Continuing through December 23, 2017
A Hans Burkhardt survey might seem an unusual choice for a Pacific Standard Time (PST): LA/LA exhibition. Yet the Swiss-born abstract expressionist found a spiritual home in Mexico. Having traveled to Mexico several times, and having lived there for extended periods, the artist infused his work with the country’s colors, sensuality and spiritual qualities. Forty-one of these paintings are included in this show.
The 20-year old Burkhardt moved to New York in 1924, and soon after took classes at Cooper Union to improve his decorative motif painting skills (from which he earned a living). Enrolling there turned out to be fortuitous as he discovered that he had a talent for fine art, and soon began studying with Arshile Gorky. As Burkhardt developed his artistic skills, he imbued his work with strong colors, carefully balanced compositions, and deep emotions.
He relocated to Los Angeles in 1937, where he continued to paint in the abstract style, and became widely known for his New York influenced works. In 1939, Lorser Feitelson promoted Burkhardt's work for national art exhibitions and arranged for his first solo show. Starting in the 1940s, major museums began exhibiting and aquiring his work; these included the L.A. County Museum of Art, the Metropolitan Museum of Art and the British Museum. He taught at UCLA, Otis College of Art and Design and Cal State, Northridge.
The peripatetic Burkhardt first visited Guadalajara in 1950, quickly discovering that his abstract expressionist style contrasted with the Mexican culture, particularly with its indigenous-influenced artwork. Yet he was intrigued by the country, stating, “Everything was old, antique … What can I paint? I decided I had to study their culture … I painted the soul of Mexico.” He immersed himself in the country’s Latin architecture and culture, as well as in its churches, taverns, tropical landscapes and especially in its funeral processions. He empathized with the impoverished peasants, while reflecting on his own difficult childhood in Switzerland.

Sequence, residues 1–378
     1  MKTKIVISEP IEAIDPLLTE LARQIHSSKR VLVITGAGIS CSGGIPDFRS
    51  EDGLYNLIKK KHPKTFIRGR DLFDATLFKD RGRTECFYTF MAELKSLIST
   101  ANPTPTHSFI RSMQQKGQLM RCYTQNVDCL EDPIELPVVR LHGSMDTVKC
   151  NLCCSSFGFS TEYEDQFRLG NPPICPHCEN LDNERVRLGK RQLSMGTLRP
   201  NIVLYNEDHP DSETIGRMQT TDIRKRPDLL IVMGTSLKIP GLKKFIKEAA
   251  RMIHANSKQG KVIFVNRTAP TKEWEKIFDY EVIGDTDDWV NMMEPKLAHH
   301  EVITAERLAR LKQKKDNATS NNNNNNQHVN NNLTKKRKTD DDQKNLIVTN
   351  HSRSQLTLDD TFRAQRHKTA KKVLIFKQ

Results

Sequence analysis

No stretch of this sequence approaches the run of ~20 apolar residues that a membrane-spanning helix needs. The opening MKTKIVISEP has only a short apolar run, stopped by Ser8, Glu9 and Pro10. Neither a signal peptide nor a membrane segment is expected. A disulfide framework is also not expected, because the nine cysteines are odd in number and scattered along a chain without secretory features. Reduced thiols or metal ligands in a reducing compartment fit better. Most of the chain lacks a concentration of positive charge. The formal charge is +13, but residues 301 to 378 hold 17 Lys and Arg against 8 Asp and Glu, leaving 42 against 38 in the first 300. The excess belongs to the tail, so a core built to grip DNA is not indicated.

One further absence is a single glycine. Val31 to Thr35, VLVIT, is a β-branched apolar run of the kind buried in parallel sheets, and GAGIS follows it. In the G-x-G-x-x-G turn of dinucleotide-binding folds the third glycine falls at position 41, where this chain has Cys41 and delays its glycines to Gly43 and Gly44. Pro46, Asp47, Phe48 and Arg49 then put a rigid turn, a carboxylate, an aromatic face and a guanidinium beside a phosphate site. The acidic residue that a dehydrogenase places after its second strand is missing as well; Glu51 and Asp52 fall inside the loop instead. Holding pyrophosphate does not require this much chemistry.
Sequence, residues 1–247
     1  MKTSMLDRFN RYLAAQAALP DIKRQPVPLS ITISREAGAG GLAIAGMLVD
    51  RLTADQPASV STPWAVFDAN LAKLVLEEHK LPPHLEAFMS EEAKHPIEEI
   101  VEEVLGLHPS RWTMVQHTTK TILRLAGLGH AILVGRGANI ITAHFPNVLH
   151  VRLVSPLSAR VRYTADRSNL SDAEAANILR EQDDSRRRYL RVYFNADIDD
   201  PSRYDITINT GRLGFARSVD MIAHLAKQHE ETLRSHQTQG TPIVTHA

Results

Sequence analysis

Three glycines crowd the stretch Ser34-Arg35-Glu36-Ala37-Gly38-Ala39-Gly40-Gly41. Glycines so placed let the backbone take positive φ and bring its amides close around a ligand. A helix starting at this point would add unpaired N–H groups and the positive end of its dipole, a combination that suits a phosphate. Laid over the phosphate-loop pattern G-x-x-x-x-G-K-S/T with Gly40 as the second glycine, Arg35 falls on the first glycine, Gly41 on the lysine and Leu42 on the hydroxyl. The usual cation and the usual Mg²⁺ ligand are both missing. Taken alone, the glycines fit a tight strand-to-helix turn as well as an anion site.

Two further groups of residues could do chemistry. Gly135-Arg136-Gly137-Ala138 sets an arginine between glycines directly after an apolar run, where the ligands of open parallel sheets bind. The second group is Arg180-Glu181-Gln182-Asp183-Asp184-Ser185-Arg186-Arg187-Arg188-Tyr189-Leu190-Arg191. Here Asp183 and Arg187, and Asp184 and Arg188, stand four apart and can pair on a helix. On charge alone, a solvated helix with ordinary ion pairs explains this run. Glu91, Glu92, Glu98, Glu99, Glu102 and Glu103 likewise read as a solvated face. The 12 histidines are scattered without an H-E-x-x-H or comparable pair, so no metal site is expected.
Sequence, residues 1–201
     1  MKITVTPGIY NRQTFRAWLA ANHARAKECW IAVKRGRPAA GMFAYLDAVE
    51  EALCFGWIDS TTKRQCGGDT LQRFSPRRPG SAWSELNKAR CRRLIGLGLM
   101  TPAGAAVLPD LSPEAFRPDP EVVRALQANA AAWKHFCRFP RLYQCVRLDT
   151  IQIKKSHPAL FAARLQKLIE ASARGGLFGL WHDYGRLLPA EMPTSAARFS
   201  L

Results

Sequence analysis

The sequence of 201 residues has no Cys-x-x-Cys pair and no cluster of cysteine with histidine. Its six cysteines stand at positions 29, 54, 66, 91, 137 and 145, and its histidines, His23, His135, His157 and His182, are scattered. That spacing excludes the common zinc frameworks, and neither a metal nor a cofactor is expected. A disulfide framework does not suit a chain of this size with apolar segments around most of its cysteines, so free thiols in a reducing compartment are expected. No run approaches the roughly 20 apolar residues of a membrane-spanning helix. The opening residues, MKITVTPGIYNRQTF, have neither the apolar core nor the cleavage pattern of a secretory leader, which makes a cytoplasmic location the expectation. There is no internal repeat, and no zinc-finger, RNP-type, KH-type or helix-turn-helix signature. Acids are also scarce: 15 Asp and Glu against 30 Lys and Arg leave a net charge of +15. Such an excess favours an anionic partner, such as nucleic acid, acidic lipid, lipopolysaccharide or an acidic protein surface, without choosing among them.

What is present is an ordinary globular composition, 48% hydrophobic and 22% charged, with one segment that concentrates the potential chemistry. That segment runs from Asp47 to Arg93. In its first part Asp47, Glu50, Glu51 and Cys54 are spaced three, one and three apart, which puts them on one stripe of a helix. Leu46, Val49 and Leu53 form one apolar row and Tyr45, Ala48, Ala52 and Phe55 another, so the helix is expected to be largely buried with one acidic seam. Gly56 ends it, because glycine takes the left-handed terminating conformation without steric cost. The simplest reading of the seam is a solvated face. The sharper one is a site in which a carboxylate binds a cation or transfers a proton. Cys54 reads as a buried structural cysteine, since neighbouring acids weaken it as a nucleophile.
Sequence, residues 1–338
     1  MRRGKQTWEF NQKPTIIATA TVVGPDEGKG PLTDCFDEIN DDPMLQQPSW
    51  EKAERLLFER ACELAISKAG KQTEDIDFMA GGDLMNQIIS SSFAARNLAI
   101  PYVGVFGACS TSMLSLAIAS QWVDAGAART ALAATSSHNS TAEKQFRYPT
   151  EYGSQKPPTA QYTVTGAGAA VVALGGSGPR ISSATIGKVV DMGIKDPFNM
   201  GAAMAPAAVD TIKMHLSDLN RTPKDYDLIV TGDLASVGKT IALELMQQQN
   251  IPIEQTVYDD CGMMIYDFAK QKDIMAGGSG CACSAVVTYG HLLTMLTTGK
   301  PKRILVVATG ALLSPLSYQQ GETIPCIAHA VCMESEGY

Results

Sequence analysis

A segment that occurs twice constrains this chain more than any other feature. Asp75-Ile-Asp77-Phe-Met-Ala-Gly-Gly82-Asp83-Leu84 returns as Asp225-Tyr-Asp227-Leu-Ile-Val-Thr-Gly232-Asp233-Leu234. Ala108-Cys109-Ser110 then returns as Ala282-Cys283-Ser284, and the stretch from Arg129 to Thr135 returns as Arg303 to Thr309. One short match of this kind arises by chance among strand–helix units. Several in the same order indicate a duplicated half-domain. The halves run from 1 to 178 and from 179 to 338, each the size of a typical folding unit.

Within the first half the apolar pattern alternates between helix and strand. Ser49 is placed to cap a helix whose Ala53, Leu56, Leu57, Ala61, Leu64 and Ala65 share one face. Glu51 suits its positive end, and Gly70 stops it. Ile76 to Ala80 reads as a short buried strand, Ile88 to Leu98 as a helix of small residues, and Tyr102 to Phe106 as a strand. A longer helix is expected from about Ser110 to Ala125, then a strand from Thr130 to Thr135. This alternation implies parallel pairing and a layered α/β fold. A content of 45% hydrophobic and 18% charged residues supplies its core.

Employing his well-honed creative skills, Burkhardt began permeating his abstract work with Mexican themes and colors, creating paintings that he referred to as “Burials.” Among these is his 1956 blue-infused “Journey,” with three slender vertical figures, referencing pallbearers carrying coffins. More than depicting a local ritual, the image evokes the passage of souls to another world. Inspired by the sounds of San Miguel or “the city of bells” (where bells seemed to continually ring, “for the one who could no longer hear them,” he said), Burkhardt created “Silent Sounds” (1958) and “Sounds of San Miguel” (1960). The former work is permeated with grays; while the latter’s predominantly blue brushwork express passion and reverence for the spiritual world.
The contrasting 1957 “City at Night (Guadalajara),” with its bold strokes of reds, oranges and yellows, evokes the stained glass windows of the country’s cathedrals. “By the Candle Light” (1950), featuring three child-like figures, was influenced by a scene of three children dining by candlelight that he saw through a window. The energetic “Cockfight” (1956), with its deep reds and browns, captures the fury and passion of the fight. “Old City” (1950) combines figuration with abstraction, while revealing hints of cubism with its fractured objects and geometric forms. Another cubist inspired work is “Self Portrait in a Studio” (1951), depicting the artist in his studio with his palette. His 1953 paintings, “Composition” and “Black Cloud Over Vineyard,” abstract landscapes with red tones, are inspired by his love of nature.
Mexico represented the manifestation of the artist’s sensibilities going back to his earliest years in Switzerland. “Mexico’s contrasts were no greater than the duality that was Hans Burkhardt, a painter of celebration of life,” the gallery’s Director Jack Rutberg said. “But when stung by injustice, his response was astounding, as reflected in his later anti-war paintings.”
Burkhardt became widely esteemed in Mexico. Among his lifelong admirers was Mexican painter Rufino Tamayo. The Instituto Allende in San Miguel gave him solo shows in 1956 and 1960. He was regarded as a “great Mexican master,” alongside Orozco, Rivera and Siqueiros, by art critics of the time.